A non-stop series of attacks works a lot better than a single attack.
We’ve all felt the frustration of drilling a technique dozens of types, but still being unable to execute it during sparring. Against an opponent with even the most basic understanding of Jiu-Jitsu, it can be hard to pull off a single technique in isolation. When an opponent knows what you’re trying to do, just “doing the move correctly” isn’t enough.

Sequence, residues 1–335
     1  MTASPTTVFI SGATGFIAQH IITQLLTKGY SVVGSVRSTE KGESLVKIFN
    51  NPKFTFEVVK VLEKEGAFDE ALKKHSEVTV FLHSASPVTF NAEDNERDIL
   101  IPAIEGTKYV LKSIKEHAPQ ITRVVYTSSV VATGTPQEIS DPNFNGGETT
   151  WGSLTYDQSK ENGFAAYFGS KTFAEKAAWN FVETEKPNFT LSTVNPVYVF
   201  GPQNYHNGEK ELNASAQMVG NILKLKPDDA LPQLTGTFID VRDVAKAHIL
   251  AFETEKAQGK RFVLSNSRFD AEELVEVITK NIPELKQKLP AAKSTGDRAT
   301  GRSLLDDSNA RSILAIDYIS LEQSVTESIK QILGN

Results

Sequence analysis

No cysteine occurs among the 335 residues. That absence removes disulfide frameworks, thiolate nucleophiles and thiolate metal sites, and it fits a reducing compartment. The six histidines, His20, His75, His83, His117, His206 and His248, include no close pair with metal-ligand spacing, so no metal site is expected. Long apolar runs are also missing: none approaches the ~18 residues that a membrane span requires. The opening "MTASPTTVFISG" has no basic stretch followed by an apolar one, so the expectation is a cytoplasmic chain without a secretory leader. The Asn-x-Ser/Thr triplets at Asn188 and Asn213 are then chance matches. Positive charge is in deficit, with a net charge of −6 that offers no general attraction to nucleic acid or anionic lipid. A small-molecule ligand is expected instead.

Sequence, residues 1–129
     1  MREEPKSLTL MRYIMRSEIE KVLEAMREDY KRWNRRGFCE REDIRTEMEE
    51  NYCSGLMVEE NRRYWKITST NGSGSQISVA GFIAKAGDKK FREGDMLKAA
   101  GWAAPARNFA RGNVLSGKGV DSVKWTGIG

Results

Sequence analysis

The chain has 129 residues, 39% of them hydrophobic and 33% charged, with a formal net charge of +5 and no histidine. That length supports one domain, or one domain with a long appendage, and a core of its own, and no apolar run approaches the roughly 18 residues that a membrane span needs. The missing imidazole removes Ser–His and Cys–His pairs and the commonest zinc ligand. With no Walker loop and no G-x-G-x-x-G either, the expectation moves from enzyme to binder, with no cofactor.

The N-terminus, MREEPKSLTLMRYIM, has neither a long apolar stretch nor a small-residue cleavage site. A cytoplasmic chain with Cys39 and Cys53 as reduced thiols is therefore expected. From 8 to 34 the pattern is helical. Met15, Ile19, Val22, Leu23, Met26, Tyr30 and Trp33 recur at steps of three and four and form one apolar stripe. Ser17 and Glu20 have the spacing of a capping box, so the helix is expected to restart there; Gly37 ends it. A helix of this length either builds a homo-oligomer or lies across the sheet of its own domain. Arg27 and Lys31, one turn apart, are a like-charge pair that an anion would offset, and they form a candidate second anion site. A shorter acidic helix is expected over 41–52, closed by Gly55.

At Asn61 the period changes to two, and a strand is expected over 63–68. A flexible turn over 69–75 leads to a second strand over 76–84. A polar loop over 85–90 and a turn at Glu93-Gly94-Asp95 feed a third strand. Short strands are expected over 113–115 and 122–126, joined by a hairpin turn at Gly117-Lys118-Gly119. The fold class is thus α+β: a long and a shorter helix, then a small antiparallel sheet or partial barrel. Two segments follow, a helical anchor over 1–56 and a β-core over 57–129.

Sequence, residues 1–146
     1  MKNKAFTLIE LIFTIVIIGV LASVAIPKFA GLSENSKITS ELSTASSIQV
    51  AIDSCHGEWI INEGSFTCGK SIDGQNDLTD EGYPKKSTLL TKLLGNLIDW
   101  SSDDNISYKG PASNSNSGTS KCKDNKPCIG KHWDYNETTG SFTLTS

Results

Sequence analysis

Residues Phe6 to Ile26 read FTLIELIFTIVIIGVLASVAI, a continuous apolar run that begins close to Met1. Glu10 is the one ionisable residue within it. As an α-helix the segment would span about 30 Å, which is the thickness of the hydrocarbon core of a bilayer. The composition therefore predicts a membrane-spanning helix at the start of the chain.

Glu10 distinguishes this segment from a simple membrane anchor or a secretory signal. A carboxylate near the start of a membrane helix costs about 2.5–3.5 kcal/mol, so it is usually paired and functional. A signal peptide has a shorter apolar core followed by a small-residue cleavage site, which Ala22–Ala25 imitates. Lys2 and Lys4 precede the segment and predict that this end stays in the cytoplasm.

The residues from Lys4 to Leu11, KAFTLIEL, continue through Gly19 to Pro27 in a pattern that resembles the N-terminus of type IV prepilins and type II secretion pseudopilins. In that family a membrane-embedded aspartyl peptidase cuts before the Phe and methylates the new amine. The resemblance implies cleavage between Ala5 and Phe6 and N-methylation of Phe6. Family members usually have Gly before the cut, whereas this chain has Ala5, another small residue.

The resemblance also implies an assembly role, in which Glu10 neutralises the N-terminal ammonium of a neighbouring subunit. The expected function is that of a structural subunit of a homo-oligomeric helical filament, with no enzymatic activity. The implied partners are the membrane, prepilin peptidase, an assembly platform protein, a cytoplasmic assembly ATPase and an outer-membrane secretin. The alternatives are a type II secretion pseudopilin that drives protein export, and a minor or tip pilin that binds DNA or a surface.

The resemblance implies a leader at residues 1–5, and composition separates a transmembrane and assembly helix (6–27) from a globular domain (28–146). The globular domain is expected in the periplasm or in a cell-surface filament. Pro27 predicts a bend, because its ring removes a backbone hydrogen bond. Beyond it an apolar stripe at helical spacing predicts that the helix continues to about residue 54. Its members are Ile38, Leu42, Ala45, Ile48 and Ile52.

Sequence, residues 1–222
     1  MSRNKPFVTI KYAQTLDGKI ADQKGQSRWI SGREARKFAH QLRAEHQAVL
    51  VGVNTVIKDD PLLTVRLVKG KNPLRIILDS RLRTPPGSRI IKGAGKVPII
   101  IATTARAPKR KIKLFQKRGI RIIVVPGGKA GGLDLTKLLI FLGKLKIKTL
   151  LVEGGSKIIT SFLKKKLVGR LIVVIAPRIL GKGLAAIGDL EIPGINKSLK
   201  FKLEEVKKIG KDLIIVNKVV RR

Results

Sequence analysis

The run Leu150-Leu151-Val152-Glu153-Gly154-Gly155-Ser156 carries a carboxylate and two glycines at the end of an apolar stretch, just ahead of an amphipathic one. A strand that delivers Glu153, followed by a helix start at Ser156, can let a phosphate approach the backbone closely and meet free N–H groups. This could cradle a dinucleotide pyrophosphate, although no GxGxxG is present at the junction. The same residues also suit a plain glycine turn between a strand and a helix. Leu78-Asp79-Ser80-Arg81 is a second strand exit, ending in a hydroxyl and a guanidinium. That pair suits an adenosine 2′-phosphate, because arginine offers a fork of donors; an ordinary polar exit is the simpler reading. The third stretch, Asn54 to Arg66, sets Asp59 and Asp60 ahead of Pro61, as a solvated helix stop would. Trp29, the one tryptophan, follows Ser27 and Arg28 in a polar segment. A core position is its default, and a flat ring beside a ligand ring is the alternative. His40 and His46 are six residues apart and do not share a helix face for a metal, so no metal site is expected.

Many students erroneously assume that the secret to executing a move effectively is to drill it so many times that you can perfectly follow each step described during instruction. In reality, single attacks in isolation often don’t work because your opponent is able to brace and defend against a single move.
However, even if a technique doesn’t work, it forces your opponent to react in a way that may create openings. This means that your goal isn’t just to successfully execute a technique; it’s to use techniques to create openings for follow-up techniques.